Nonsense!  Some romances fade (sometimes it only takes a week!) and some last longer than a lifetime.  It’s true that no one can be brand new to you forever.  Novelty can, of course, bring great pleasure and excitement.  It can also make one nervous, and lead to disappointment or unpleasant surprises.  In long-term love relationships, the partners find new forms of newness as they learn more about one another and change over time.  It is absolutely unnecessary for people to take each other for granted or diminish their attraction to one another.  Instead of overwhelming novelty, there can be overwhelming trust, comfort, knowledge of each other, and shared experience.  Long-time couples can often be more romantic because they have done more and learned more about each other.  There is therefore more to reminisce about, and it is easier to choose a gift or activity that will please.  Romance can deepen with time, becoming even more alive.

Myth #5:        Romance is exotic and unattainable.

James Bond drops in on a paramour from a hang-glider, exchanges witty banter with a fetching damsel while driving eighty miles an hour, and has sex in a submarine love nest. Resort ads promise long days relaxing on faraway island shores in total isolation.  But the true romance of daily life is not so unusual, contrived, expensive, or otherwise unattainable. Trust me: people in exotic locations doing unusual things are not necessarily happy or in love.
I know a couple who eschewed an ordinary marriage ceremony with friends and family to fly to Hawaii, where they exchanged original wedding vows atop a verdant cliff overlooking the ocean and then stayed for a luxurious honeymoon.  I have seen their wedding video, and this couple, now divorced, do not look deeply moved.  In fact, I have heard from them that even during what would seem like an idyllic honeymoon in paradise, they felt more tired, disappointed, and frustrated than romantic.  Other couples I know have been married in ordinary hometowns in ordinary ways, but they felt extraordinary on their wedding days and they love each other with passion and tenderness to this day.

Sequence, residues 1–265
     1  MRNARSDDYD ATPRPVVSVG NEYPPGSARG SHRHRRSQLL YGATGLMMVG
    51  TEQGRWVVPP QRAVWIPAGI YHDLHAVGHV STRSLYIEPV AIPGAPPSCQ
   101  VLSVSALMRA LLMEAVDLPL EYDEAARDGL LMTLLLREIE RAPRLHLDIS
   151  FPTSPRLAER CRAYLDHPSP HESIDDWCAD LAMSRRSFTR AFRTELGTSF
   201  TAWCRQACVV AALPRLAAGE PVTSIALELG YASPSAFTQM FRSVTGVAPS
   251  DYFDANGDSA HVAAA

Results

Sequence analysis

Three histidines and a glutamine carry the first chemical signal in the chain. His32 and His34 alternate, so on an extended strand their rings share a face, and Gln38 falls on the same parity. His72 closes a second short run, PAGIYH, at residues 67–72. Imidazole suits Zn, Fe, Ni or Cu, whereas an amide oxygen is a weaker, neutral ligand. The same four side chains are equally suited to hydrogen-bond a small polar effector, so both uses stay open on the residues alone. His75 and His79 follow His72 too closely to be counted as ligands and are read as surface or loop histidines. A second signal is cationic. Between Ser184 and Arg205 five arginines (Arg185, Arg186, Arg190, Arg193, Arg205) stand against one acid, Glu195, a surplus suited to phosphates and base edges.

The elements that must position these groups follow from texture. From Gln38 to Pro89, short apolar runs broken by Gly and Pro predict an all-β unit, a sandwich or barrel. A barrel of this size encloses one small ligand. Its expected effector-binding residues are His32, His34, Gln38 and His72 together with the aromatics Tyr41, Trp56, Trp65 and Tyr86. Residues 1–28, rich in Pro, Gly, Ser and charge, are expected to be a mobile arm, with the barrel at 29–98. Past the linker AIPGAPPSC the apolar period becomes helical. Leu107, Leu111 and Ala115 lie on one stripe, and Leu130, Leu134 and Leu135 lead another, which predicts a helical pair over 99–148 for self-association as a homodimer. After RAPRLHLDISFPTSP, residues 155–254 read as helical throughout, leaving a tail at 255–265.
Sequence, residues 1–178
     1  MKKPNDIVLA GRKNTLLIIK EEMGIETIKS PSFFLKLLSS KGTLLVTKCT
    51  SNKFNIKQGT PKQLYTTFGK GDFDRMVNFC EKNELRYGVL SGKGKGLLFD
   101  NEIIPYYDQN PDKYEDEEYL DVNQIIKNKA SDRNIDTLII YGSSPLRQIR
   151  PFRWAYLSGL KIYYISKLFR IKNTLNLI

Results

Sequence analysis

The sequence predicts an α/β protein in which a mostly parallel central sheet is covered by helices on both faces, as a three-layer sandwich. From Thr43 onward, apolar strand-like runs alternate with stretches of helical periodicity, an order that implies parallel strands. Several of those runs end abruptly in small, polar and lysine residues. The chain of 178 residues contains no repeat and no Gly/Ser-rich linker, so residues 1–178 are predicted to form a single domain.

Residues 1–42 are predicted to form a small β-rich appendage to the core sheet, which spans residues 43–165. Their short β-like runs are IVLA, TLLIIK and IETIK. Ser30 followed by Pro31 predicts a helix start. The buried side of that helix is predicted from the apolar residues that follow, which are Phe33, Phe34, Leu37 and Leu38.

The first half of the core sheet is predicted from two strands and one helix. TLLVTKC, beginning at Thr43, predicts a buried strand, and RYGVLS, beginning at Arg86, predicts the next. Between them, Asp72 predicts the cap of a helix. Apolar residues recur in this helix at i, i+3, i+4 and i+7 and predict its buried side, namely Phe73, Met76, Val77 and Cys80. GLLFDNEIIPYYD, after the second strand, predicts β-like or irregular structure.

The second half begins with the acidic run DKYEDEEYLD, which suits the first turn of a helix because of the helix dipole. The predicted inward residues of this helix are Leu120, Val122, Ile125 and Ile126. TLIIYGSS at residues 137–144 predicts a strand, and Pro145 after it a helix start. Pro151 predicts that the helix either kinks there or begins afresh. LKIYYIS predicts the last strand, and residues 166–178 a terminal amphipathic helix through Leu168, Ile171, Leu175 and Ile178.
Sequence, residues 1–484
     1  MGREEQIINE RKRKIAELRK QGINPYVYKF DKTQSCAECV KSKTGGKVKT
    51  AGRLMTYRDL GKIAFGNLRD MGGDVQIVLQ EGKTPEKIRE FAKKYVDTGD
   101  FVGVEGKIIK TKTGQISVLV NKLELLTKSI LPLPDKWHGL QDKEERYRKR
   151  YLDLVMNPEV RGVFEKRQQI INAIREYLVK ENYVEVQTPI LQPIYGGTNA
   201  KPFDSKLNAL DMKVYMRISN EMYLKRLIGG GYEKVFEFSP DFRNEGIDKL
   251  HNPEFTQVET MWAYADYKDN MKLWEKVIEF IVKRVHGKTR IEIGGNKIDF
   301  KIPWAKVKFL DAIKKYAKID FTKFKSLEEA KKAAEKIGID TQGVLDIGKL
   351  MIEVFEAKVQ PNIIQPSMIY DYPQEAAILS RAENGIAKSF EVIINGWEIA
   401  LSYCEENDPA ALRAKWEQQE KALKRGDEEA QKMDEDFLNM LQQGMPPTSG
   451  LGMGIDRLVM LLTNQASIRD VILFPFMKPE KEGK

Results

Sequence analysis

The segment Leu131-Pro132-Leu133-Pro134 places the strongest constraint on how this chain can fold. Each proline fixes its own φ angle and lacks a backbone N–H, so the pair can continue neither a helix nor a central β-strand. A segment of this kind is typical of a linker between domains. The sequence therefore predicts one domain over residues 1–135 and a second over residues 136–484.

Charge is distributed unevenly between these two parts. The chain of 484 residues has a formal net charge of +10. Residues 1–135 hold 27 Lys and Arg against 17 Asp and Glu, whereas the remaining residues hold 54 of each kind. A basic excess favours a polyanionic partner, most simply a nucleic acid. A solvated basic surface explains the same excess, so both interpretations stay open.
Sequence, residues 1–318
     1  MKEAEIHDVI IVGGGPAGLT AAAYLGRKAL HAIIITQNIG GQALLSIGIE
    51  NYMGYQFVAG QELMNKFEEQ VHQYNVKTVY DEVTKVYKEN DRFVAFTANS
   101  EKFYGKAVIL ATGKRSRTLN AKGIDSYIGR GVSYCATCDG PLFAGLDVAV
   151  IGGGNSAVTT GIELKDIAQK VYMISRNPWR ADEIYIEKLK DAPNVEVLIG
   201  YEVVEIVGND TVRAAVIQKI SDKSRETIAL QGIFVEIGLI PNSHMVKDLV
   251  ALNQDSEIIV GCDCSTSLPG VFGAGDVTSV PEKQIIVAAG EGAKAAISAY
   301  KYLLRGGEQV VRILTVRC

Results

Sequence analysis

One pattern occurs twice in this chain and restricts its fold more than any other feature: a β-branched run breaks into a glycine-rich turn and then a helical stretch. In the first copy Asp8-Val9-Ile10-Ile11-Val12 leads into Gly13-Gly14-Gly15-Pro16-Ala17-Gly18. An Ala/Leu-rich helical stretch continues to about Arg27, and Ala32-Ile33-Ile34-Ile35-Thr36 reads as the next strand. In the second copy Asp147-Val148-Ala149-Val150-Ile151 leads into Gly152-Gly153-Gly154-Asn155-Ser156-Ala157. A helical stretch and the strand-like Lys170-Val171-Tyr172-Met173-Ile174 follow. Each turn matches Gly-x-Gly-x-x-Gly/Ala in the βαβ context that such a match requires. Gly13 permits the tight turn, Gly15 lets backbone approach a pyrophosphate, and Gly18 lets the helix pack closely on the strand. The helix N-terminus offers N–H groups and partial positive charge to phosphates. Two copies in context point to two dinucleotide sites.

Romance is a way of seeing, doing, and being.  It is like an exquisite candle that lights any room.  Love and romance are about the here and now and how it becomes more precious, more tender, passionate, and magical when enjoyed with imagination wherever you are.

How to Use this book 

      This book is written for all romantics, those just beginning or hoping to begin relationships and those who have been together for decades.  It is a book of activity ideas.  The romance itself comes from within the two of you.  You will feel it as an impulse, experience it in moments.  In the best relationships, it will exist like an unending river that fortifies the relationship, even at those times when its lovely surface has temporarily dipped out of view.
Six ways to use this book:
• Plan “dates” for the two of you to go out—or stay in.
• Spice up your life with new activities.
• Pick one activity a week to enjoy together.
• Use as a springboard to discover what you two find most romantic.
• Build a respectful, joyful, long-term relationship.
• Deepen that relationship by focusing on one another.
The ways you define romance, the activities you choose to do, and the groundwork of trust, respect, openness, caring, love, and fun you create together are unique to you.  This book is a celebration of romance in its myriad forms and of true love, whose worth is beyond measure.